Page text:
School of Computing and Mathematics

Faculty of Natural Sciences

For academic year: 2019/20 Last Updated: 21 November 2019

MAT-20031 - Computational Mathematics

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Scientific computing is one of the cornerstones of modern applied mathematics. By arming students with a high-level general purpose programming language ¿Python¿, they will be well equipped to explore a plethora of mathematical problems otherwise inaccessible to them. Moreover, students will possess a valuable, transferable skill, necessary in a large number of industries, for example, data science, engineering, meteorology and finance.

This module also will embed the use of technology to aid undergraduate mathematical studies.

This module also will embed the use of technology to aid undergraduate mathematical studies.

¿The main aim of this module is to introduce students to the three elements of scientific computing; numerical analysis, programming and modelling.

In particular, the programming element aims to provide the students with a valuable transferrable skill in the Python programming language. We also aim to give the students a broad appreciation of the different computational tools at their disposal, and an introduction to numerical analysis.

In particular, the programming element aims to provide the students with a valuable transferrable skill in the Python programming language. We also aim to give the students a broad appreciation of the different computational tools at their disposal, and an introduction to numerical analysis.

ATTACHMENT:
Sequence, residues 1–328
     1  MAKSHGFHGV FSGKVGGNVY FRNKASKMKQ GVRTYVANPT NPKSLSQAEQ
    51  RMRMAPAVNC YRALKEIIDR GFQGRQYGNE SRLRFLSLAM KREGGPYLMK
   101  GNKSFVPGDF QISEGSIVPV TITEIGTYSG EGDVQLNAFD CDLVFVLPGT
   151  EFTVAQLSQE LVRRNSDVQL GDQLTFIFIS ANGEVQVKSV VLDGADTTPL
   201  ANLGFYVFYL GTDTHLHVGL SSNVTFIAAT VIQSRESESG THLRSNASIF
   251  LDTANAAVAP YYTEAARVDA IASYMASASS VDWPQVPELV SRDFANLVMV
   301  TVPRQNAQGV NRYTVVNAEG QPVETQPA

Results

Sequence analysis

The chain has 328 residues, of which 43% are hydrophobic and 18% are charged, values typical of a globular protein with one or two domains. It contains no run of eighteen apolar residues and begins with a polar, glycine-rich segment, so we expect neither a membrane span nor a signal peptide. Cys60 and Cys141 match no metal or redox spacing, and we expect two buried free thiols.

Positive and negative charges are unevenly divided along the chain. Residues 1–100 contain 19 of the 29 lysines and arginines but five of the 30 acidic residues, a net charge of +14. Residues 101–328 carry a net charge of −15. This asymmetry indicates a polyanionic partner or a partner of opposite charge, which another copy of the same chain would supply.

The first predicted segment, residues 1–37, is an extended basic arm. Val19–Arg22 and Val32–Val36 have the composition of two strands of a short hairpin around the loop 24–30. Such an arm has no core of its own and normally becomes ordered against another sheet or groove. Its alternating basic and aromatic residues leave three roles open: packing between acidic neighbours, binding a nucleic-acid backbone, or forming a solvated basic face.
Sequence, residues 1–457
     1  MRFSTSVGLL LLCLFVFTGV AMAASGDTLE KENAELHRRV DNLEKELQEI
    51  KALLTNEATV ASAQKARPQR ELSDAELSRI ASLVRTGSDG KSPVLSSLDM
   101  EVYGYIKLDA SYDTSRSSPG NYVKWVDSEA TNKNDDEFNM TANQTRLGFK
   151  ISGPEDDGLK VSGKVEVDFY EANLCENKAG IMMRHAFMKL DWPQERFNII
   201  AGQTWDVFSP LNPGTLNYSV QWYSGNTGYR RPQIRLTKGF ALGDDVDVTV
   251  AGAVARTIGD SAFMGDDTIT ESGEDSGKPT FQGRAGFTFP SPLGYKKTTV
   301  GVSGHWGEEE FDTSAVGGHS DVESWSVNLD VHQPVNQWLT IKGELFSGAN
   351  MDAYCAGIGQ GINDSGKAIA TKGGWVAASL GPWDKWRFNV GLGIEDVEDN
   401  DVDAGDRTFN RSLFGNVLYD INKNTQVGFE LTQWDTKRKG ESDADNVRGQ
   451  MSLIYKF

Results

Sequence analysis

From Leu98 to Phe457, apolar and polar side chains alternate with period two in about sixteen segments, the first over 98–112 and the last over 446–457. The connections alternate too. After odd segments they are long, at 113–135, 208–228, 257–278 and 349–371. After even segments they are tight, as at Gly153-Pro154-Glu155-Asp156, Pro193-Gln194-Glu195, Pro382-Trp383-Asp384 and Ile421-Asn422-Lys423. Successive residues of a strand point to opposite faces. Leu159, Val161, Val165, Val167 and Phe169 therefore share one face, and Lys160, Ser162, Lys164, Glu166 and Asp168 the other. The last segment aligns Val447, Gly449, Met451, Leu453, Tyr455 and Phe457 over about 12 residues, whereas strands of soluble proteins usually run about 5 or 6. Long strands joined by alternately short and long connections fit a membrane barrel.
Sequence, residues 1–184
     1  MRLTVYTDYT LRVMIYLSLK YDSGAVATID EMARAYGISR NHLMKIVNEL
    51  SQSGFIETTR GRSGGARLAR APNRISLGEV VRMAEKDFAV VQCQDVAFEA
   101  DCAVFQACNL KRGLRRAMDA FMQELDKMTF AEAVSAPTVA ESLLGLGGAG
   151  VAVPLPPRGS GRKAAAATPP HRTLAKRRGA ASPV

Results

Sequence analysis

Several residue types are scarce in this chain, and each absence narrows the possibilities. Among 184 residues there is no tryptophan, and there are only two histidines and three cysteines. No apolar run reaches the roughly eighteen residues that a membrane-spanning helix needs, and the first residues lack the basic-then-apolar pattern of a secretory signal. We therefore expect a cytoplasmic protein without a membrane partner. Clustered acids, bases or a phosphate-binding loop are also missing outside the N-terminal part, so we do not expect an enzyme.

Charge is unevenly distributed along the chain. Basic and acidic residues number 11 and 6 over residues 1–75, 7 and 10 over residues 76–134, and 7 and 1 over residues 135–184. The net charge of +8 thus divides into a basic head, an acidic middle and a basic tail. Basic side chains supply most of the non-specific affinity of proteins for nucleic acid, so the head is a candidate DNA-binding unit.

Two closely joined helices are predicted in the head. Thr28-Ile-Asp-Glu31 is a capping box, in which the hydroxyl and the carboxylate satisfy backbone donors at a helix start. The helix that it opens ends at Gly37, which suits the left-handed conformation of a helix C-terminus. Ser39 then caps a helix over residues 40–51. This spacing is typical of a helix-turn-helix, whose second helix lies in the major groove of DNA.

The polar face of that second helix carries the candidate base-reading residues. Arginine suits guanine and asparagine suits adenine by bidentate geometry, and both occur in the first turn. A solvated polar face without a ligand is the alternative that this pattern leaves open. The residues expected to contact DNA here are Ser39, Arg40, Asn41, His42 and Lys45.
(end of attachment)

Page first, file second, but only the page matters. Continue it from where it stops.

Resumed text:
choose and apply appropriate computational tools to help to solve and analyse a variety of problems: 1,2

create appropriate graphics (including interactive or animated) to illustrate a particular problem and/or solution: 1,2

write well commented and structured Python code with appropriate use of modules/libraries: 1,2

apply iterative methods to analyse and solve algebraic equations: 1,2

perform numerical integration, differentiation and numerically solve ordinary differential equations, showing knowledge of numerical convergence: 1,2

demonstrate the importance of the precision and bounds of floating point numbers: 1,2

create appropriate graphics (including interactive or animated) to illustrate a particular problem and/or solution: 1,2

write well commented and structured Python code with appropriate use of modules/libraries: 1,2

apply iterative methods to analyse and solve algebraic equations: 1,2

perform numerical integration, differentiation and numerically solve ordinary differential equations, showing knowledge of numerical convergence: 1,2

demonstrate the importance of the precision and bounds of floating point numbers: 1,2

24 hours lectures

21 hours lab sessions

3 hours in class assessment

102 hours private study, including preparation of coursework/project

21 hours lab sessions

3 hours in class assessment

102 hours private study, including preparation of coursework/project

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3 programming exercises

A set of three programming exercise. Each exercise is provided in a notebook template. Students commence the work in class and undertake one week of additional work before final submission. During the in-class segment, students undertake the work in open-book conditions; students are permitted to use the Internet and KLE resources but are not allowed to communicate with each other. At the end of the session, students submit their notebook online. After a further week of take-home completion, students submit their work including a commentary of changes made between submissions. In total, for each set of exercises, students can expect to spend 1 hour in class and then approximately another 3 hours during the week.

Individual study project

Individual project expanding on material covered during the semester. The project will require students to create a program to investigate a chosen mathematical concept. Students must include a description of the code, how to execute it and a report of the findings. This must include details of the mathematical theory involved. The length of the project, when exported to pdf, will not exceed 6 pages, including code, figures and tables, but not including appendices. Formatting guidelines will be provided.